The narrower sense in which the Second Vatican Council gave instruction concerning the laity is as follows:

The term laity is here understood to mean all the faithful except those in holy orders and those in the state of religious life specially approved by the Church. These faithful are by baptism made one body with Christ and are constituted among the People of God; they are in their own way made sharers in the priestly, prophetical, and kingly functions of Christ; and they carry out for their own part the mission of the whole Christian people in the Church and in the world.[8]

In this narrower sense, the Council taught that the laity's specific character is secularity: they are Christians who live the life of Christ in the world. Their role is to sanctify the created world by directing it to become more Christian in its structures and systems: "the laity, by their very vocation, seek the kingdom of God by engaging in temporal affairs and by ordering them according to the plan of God".[8] The laity are full members of the Church, fully share in Church's purpose of sanctification, of "inner union of men with God",[9] acting with freedom and personal responsibility and not as mere agents of the hierarchy. Due to their baptism, they are members of God's family, the Church, and they grow in intimate union with God, "in" and "by means" of the world. It is not a matter of departing from the world as the monks and the nuns do that they sanctify themselves; it is precisely through the material world sanctified by the coming of the God made flesh, i.e. made material, that they reach God. Doctors, mothers of a family, farmers, bank tellers, drivers, by doing their jobs in the world with a Christian spirit are already extending the Kingdom of God. According to the repeated statements of Popes and lay Catholic leaders, the laity should say "we are the Church," in the same way that the saints said that "Christ lives in me."[10]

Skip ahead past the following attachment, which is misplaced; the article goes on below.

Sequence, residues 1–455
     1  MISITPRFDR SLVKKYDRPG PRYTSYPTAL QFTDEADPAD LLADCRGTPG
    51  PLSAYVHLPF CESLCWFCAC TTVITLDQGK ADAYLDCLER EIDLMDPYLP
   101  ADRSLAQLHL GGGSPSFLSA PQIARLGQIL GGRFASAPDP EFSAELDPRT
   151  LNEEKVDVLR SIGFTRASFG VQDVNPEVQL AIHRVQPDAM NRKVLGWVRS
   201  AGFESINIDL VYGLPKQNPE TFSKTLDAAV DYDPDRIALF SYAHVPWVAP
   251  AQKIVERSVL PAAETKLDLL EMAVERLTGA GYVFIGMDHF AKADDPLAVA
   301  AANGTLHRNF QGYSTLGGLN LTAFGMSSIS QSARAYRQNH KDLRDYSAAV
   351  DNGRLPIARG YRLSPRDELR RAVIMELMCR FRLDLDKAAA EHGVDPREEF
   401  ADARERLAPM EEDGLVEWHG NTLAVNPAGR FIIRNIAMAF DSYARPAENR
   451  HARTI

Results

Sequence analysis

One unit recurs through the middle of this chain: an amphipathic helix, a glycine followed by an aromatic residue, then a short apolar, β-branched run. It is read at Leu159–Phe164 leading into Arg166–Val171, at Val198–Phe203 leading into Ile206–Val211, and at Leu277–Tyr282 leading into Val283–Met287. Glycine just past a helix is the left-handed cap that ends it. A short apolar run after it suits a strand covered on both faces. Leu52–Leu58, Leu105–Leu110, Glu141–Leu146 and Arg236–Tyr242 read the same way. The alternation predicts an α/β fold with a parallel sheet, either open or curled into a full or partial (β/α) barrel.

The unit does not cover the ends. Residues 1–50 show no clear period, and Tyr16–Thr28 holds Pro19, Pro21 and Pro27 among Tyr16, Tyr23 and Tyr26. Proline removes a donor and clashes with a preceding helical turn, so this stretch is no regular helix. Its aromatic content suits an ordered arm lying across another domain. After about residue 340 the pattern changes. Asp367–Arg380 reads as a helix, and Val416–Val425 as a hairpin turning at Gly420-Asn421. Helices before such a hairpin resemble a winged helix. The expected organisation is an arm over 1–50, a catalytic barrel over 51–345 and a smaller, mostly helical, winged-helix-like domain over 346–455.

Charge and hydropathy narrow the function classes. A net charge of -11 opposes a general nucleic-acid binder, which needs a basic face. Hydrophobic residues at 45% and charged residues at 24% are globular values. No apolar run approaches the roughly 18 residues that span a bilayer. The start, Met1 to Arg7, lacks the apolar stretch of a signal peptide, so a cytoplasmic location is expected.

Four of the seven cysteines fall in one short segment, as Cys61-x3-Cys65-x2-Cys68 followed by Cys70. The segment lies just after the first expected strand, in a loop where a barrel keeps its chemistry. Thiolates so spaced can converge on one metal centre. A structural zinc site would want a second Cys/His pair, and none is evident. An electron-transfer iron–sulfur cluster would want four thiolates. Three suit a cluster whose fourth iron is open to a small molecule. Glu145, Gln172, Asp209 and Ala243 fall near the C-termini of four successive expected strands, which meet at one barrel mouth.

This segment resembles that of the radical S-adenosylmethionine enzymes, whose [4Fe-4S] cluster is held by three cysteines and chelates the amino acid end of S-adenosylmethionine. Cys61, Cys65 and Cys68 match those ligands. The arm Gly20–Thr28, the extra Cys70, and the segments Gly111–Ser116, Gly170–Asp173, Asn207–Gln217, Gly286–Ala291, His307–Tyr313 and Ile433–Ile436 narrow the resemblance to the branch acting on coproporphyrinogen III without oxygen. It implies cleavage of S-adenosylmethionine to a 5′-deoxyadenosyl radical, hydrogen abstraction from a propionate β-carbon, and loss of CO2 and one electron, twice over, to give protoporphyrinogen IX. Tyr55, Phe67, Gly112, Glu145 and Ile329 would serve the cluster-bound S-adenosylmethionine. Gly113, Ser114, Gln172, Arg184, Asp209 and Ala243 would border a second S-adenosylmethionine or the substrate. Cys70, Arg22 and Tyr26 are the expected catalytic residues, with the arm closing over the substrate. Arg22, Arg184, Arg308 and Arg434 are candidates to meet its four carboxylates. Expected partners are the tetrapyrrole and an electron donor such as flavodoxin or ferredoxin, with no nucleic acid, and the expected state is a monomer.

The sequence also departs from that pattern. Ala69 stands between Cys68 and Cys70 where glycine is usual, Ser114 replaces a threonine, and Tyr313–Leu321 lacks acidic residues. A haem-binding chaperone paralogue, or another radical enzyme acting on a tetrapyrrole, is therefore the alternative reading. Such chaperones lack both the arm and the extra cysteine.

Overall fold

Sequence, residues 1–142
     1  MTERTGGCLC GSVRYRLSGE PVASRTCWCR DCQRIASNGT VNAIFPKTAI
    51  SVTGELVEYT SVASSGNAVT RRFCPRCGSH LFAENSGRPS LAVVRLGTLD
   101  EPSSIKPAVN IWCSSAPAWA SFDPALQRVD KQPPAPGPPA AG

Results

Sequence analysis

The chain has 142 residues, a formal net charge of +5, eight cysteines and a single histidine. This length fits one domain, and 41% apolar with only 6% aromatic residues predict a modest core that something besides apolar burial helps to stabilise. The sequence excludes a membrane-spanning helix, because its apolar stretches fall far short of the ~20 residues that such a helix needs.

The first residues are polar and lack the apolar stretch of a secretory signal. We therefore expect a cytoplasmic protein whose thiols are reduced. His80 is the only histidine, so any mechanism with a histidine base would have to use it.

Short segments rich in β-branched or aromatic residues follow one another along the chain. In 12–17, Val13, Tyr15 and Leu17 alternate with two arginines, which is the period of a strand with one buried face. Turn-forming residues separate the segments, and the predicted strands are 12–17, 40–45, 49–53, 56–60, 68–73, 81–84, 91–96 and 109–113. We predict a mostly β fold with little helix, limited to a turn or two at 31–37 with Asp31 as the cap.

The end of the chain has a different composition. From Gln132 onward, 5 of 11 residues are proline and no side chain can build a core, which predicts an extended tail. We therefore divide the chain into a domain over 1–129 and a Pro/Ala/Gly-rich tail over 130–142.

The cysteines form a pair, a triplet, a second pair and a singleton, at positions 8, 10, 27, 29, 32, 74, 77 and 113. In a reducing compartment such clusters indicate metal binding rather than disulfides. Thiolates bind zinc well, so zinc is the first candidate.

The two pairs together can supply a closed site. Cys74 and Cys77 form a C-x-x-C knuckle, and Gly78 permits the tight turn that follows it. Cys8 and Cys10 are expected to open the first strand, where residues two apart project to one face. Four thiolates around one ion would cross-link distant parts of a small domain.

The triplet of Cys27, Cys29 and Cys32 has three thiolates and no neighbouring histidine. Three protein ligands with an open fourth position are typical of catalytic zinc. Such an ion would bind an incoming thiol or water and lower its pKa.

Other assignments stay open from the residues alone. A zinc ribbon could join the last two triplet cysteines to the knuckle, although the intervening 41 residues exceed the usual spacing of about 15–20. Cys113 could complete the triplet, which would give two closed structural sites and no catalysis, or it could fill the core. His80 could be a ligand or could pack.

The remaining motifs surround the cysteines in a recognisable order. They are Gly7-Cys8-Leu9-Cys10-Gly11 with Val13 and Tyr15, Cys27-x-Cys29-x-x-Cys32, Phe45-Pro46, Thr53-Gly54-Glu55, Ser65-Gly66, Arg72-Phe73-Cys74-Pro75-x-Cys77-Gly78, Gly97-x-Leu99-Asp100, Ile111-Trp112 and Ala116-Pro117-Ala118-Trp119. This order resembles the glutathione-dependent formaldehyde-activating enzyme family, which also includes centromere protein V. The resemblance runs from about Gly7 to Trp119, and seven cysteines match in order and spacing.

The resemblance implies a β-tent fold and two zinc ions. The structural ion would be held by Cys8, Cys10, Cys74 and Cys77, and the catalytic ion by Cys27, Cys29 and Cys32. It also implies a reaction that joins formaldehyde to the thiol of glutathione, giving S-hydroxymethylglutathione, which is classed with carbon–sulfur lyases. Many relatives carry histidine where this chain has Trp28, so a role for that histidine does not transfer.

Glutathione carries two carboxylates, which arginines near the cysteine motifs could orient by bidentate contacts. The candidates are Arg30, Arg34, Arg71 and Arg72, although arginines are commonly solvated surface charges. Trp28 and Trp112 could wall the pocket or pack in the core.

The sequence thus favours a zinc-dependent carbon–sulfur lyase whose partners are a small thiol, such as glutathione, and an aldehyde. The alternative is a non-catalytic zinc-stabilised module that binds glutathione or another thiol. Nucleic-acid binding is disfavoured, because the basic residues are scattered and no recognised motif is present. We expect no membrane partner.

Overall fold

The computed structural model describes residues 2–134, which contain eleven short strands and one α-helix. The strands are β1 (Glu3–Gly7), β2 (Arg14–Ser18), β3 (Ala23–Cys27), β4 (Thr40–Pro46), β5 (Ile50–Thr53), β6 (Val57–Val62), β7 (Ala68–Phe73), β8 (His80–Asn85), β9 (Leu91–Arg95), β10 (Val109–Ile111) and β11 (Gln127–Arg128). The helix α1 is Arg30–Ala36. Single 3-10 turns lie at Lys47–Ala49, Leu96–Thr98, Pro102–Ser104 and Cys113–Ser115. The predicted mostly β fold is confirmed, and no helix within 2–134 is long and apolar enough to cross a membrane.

Lay involvement takes diverse forms, including participation in the life of the parish, confraternities, lay apostolates, secular institutes, and lay ecclesial movements. There are also lay ecclesiastical ministries, and where there is a priest shortage, lay people have to take on some functions previously performed by priests.

Vatican II afterwards

In December 1977, “A Chicago Declaration of Christian Concern” was published. The declaration looked back a decade to the Vatican Council II with appreciation for its “compelling vision of lay Christians in society.” As the Declaration interpreted it, the Council viewed the laity's “special vocation” as being the “leaven” for the “sanctification of the world” in their “secular professions and occupations.” However, lamented the Declaration, the Council's vision has “all but vanished” from the church.